Dear Johannes,

Sorry for the late reply. I really appreciate your help! Would you mind if I have few follow-up questions:

1, As you said, “ If you compute the FOCs yourself, you can include the recursive definition of the planner objective in the model-block.” and “there is a conflict between perfect foresight and using a welfare criterion derived based on variances”. I am not sure if I understand it correctly. From my understanding of your explanation, adding the recursive definition of welfare into the mode_block to obtain correct welfare is only possible when shocks are assumed to be stochastic and we use “stoch_simul” command to simulate the model stochastically. However, in the environment of perfect foresight, even adding the recursive definition of welfare in the model_block would lead to a zero value of welfare as the variances of inflation and output gap are generally zero. Am I right?

2, Now I have two mode files and both can replicate Jung, Teranishi and Watanabe (2005), which is essentially optimal commitment policy for the textbook NK model under ZLB and AR(1) perfect foresight demand shock.

Jung2005_Occbinding.mod (2.1 KB) let Dynare to compute the FOCs. I use the

“evaluate_planner_objective” function there. If we run it, Dynare reports the values of welfare:

*Simulated value of unconditional welfare: 0.00000000*

*Simulated value of conditional welfare: 0.00146289*

Jung2005.mod (2.4 KB) is also the code to replicate Jung, Teranishi and Watanabe (2005). But now I derive the FOCs manually and puts FOCs into Dynare directly. Also, as you suggested, I add the recursive definition of welfare: “Welf = (c1infRL^2 + lambda_x * c1xRL^2) + bettap * Welf(+1)”, where the period loss function is ”L_t = (c1infRL^2 + lambda_x * c1xRL^2)” with “c1infRL” being inflation and “c1xRL” being output gap. If we run Jung2005.mod (2.4 KB), it also reports the values of “Welf”, which consists of sequence of numbers (if we choose the first ten periods):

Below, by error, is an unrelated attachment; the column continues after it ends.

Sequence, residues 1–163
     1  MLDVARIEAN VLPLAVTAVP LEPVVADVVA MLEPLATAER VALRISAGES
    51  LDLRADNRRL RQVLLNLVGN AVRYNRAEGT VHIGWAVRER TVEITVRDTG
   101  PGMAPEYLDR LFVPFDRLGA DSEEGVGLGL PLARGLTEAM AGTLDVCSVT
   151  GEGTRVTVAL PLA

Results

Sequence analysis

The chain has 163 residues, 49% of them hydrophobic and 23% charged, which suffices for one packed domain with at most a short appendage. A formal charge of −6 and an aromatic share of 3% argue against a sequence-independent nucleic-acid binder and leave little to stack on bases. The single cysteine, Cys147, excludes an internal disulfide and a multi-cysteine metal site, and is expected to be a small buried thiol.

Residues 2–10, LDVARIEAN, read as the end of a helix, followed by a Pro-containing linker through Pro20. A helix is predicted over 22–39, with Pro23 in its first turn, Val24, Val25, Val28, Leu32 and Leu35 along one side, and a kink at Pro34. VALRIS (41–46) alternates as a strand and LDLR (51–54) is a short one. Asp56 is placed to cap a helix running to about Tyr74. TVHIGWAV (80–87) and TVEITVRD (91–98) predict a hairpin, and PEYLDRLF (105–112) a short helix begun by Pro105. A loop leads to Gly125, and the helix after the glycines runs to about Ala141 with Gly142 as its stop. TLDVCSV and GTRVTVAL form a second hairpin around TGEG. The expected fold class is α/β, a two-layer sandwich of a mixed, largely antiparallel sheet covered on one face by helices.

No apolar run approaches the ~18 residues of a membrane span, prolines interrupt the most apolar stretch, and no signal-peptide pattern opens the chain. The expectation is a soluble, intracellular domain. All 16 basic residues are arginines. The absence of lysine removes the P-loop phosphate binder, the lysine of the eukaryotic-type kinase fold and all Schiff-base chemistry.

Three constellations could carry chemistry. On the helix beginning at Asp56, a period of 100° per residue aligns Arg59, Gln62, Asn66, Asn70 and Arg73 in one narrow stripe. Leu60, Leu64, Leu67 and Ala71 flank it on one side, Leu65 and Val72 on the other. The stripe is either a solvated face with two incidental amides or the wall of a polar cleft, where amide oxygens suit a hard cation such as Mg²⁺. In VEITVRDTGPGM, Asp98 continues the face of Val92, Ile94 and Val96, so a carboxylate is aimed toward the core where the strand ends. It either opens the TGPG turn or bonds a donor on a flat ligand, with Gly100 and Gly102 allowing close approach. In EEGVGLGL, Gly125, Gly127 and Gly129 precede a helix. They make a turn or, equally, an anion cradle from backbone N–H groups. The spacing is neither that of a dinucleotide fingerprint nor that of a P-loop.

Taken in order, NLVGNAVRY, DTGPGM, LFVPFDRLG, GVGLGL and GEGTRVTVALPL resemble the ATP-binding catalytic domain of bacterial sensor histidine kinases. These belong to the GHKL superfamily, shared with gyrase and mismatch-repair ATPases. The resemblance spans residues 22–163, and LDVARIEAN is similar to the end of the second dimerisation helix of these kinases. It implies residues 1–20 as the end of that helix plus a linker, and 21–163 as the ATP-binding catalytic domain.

*Welf* *= [* *0* *0.0015* *0.0006* *0.0005* *0.0003* *0.0001* *0.0000 0.0000* *0.0000* *0.0000* *]*

My question is what might be the differences and links between the welfare reported from Jung2005_Occbinding.mod (2.1 KB) and the “Welf” generated from Jung2005.mod (2.4 KB).

3, A follow-up question is how does Dynare compute the welfare if we let Dynare compute the planner’s FOCs and apply the “evaluate_planner_objective-function” under perfect foresight shock, for example for Jung2005_Occbinding.mod (2.1 KB).

4, Would it be possible for you to talk more about “simulated ex-ante welfare”? What does that mean? How does it differ conceptually with the welfare number obtain from runningJung2005_Occbinding.mod (2.1 KB) or Jung2005.mod (2.4 KB)? How should we think about the difference between “simulated ex-ante welfare” under perfect foregisht shocks and the (conditional or unconditional) welfare we typically use under stochastic shocks? And how should we compute it in Dynare, or alternatively how to compute it for Jung2005.mod (2.4 KB)?

5, In case of stochastic shocks, we can use the conditional or unconditional welfare to evaluate the performance of different policies. My question is what is the proper or best measure of welfare in models with ZLB and perfect foresight shock?

Thanks a lot in advance!

Best regards

Andy